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Posts Tagged Taxpayer


Disclosing business tax debt information: ATO consultation

19th Sep, 2019

In its Mid-Year Economic and Fiscal Outlook in 2016– 2017, the government announced it would change the law to let the ATO report business tax debt information to credit reporting bureaus (CRBs) where a business consistently avoids engaging with the ATO to manage a tax debt.

TIP: The ATO can’t currently pass on this sort of information because Australian law contains strict confidentiality requirements for ATO-held taxpayer information.

The ATO has said it “recognises the important role businesses play in the Australian economy [but] when an entity avoids paying its tax debts it can have a significant impact on other businesses, employees, contractors and the wider community.” the ATO, It has released a consultation paper to facilitate consultation between the ATO, businesses and CRBs.

If passed in its current form, the amended law would allow taxation officers to disclose information about business tax debts when certain conditions are met. A business would need to have debts of at least $100,000 overdue by more than 90 days, and have not effectively engaged with the ATO to manage that debt.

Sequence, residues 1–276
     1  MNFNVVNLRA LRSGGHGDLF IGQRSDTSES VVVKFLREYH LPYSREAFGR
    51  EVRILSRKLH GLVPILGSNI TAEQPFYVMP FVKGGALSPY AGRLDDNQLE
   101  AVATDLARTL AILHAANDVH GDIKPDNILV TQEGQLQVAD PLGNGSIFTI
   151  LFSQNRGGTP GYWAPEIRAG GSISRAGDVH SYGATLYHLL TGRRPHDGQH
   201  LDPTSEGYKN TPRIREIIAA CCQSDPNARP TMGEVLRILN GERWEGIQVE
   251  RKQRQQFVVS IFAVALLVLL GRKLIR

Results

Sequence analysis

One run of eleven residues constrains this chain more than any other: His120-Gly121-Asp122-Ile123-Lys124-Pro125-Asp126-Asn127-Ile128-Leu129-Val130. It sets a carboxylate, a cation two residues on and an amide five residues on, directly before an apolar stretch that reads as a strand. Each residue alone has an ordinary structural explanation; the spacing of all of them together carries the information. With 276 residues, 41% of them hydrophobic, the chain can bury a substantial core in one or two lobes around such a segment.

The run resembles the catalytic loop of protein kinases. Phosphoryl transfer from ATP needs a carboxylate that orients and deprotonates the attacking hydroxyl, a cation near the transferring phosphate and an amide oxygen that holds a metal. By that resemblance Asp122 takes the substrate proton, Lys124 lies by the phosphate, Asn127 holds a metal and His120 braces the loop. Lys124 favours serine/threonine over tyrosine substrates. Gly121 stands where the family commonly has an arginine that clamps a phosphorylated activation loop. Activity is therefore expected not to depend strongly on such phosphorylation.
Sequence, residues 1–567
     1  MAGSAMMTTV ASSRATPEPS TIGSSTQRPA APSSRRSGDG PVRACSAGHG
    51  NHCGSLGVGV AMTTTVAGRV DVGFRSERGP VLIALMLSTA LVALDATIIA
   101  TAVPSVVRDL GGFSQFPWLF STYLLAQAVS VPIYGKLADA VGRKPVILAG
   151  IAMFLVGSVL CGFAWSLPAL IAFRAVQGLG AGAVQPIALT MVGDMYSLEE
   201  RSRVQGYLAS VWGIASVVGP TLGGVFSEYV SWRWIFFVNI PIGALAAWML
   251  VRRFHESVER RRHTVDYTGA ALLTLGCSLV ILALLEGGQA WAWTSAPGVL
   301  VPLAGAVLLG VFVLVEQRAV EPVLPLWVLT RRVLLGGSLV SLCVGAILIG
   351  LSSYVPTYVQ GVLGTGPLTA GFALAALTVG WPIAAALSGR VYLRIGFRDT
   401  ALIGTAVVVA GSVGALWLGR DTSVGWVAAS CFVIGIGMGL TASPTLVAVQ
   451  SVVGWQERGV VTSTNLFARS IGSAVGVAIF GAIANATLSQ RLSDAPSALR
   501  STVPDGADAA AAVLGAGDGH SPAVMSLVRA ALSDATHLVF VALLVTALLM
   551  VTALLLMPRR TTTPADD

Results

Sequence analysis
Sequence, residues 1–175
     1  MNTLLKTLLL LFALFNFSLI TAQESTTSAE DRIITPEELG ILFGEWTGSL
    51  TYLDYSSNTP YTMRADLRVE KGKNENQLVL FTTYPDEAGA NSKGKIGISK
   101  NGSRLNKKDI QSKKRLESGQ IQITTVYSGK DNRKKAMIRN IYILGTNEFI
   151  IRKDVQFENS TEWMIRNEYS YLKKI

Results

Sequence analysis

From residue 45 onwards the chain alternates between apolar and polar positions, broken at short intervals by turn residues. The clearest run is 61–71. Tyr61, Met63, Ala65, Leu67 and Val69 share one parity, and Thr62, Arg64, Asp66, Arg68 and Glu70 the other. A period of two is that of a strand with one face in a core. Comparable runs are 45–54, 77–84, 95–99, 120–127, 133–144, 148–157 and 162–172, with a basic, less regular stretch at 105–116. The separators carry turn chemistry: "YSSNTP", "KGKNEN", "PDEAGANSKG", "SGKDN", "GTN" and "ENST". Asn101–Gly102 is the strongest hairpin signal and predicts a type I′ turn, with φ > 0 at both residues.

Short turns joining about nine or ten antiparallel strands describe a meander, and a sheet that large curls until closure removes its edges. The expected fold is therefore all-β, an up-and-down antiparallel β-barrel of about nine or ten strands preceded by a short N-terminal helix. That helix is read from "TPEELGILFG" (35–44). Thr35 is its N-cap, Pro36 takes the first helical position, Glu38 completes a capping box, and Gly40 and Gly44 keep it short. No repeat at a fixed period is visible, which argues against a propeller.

Cross-border recovery of tax debts

The ATO has also reissued Practice Statement Law Administration PS LA 2011/13 Cross border recovery of taxation debts. This statement outlines options available for the ATO to recover a tax debt where the debtor is outside Australia, and sets out how the ATO deals with requests from other countries for assistance in recovering tax debts owing to the other country.

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Personal tax cuts Bill passed without amendment, now law

17th Aug, 2019

The Treasury Laws Amendment (Tax Relief So Working Australians Keep More Of Their Money) Bill 2019 fully implements the personal tax cuts measures announced in this year’s 2019-20 Federal Budget. Starting immediately, low and middle income earners with an income up to $126,000 will receive up to $1,080 in low and middle income tax offset (LMITO), or $2,160 for dual income couples, with the increased tax relief to apply from the 2018-19 income year.

As a result of the amendments, the Treasurer said around 94% of Australian taxpayers are projected to face a marginal tax rate of 30% or less in 2024-25.

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Tax planning

15th Jul, 2019

With the end of the 2019 income tax year upon us, this issue draws attention to year-end tax planning strategies and compliance matters that you need to consider to ensure good tax health. It focuses on the most important issues for small to medium businesses and individuals to consider.

TIP: This is general information, but we’ll take your particular circumstances into account to help you achieve good tax health. Contact us to find out more.

Deferring derivation of income

If your business recognises income on an accruals basis (when an invoice is raised) and your cash flow allows, you may consider delaying raising some invoices until after 30 June, meaning the assessable income will be derived after the 2019 income tax year.